“Sixty-five million Americans have criminal records that might cause them to be denied jobs, even for arrests or minor convictions that occurred in the distant past,” writes The New York Times editorial board.
As someone who used to do background checks for a living, I’ll admit that the permanence of our backgrounds in this digital age often troubles me. It used to be that if you made some mistakes you could move on and leave your past behind you. Get a fresh start. That’s not possible any more, for better or worse.
I’m not sure there’s a solution to the problem. And I certainly don’t like what the Times is proposing:
The problem, however, has become so acute that a growing number of states and municipalities have explicitly prohibited public agencies — and in some cases, private businesses — from asking about an applicant’s criminal history until the applicant reaches the interview stage or receives a conditional job offer. In addition, many jurisdictions now require employers to show that the disqualifying offenses are directly related to the position in question.
Laws or administrative directives of this nature have been enacted in 50 cities and counties and in eight states, according to a recent analysis by the National Employment Law Project, a research and advocacy group. Other states are joining the effort to remove unfair barriers to employment. Bills that would give ex-offenders a fairer shot at getting a job are pending in six state legislatures: California, Michigan, Minnesota, New Jersey, North Carolina and Rhode Island.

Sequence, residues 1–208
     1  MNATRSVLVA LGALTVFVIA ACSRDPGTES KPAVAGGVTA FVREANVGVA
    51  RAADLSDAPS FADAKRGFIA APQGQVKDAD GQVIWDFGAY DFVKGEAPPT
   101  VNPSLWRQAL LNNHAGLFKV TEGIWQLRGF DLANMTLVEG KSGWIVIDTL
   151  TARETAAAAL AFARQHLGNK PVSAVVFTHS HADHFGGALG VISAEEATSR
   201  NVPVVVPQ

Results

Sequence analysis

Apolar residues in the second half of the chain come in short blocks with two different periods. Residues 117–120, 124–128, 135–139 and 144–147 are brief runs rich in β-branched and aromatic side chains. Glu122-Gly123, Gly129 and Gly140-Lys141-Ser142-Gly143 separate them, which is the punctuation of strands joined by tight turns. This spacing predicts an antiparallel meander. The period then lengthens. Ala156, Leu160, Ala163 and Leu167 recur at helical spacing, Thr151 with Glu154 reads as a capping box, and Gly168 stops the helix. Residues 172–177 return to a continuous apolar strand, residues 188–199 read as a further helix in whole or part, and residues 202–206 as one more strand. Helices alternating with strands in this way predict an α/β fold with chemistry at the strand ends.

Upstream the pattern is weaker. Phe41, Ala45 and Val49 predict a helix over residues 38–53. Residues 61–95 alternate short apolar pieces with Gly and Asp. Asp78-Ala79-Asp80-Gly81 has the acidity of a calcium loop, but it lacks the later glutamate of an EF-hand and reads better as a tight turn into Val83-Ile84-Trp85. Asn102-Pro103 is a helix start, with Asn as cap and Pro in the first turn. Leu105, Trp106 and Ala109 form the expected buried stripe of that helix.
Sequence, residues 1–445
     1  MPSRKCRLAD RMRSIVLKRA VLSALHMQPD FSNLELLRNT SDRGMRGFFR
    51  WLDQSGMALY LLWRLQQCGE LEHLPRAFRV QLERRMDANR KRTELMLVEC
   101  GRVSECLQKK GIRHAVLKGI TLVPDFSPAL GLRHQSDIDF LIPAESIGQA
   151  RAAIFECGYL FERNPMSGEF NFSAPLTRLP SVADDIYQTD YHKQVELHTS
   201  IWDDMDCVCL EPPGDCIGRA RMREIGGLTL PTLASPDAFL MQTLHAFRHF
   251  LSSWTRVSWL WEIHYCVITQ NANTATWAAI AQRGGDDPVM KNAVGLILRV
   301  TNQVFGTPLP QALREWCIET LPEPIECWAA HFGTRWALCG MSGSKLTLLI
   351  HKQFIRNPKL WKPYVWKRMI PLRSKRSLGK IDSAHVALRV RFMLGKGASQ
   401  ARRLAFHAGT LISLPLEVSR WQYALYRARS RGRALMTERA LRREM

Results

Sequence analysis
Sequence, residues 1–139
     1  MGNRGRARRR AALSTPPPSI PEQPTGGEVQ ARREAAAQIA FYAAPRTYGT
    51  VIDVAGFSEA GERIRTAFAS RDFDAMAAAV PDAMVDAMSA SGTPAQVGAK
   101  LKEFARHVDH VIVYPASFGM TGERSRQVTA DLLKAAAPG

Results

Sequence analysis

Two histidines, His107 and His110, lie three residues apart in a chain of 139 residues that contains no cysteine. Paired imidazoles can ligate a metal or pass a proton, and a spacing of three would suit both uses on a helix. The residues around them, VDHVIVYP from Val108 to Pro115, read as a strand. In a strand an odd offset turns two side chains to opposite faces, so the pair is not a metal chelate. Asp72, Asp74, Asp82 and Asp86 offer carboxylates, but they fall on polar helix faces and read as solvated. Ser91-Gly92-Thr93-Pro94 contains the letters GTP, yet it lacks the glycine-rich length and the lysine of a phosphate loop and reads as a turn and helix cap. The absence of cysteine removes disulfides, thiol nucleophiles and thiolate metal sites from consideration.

As much sympathy as we might have for people guilty of mistakes and indiscretions in their lives, they’re still guilty of those things. We’re going to institute laws to prohibit employers from making decisions based on considerations of those records?
The problem with that proposal is it seems predicated on the idea that employees have a right to a job with a given employer. But that’s not how freedom of association works.
The same right to association which prohibits laws banning union membership, as an example, should also prohibit any law restricting an employer’s right to a thorough and unrestricted background check. Not only should employers be able to look at backgrounds, but they should be able to make whatever decision they want based on those backgrounds.
Because employers should be allowed to associate, or not associate, themselves with whoever they want.
Yet, that’s not how it is even now. There are all sorts of laws regulating how employers can use background check information. You can’t fire someone if you discover they’re a criminal after you hire them unless they lied on their application, for one thing, which is why applications always ask you if you’ve ever been convicted of a crime.
It’s as though we’re moving toward some European-style view of employment as an entitlement. That’s not how it should be.
When employees are given no choice but to work for their employers, we call that slavery. So how is employers forced to hire employees not slavery?